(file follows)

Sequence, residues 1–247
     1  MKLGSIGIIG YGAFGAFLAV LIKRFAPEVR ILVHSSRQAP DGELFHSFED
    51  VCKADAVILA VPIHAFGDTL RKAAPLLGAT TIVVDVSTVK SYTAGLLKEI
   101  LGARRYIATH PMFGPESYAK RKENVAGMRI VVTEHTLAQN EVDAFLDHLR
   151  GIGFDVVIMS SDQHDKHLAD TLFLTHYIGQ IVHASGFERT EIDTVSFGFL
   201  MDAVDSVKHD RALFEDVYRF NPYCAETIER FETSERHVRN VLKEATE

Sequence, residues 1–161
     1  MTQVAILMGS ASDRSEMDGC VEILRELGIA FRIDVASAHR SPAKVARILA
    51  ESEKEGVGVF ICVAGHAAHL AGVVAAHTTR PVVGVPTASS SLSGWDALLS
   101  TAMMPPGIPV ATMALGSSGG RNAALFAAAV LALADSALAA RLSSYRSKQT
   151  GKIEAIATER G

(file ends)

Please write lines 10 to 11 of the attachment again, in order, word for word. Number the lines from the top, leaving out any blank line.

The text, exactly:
   101  TAMMPPGIPV ATMALGSSGG RNAALFAAAV LALADSALAA RLSSYRSKQT
   151  GKIEAIATER G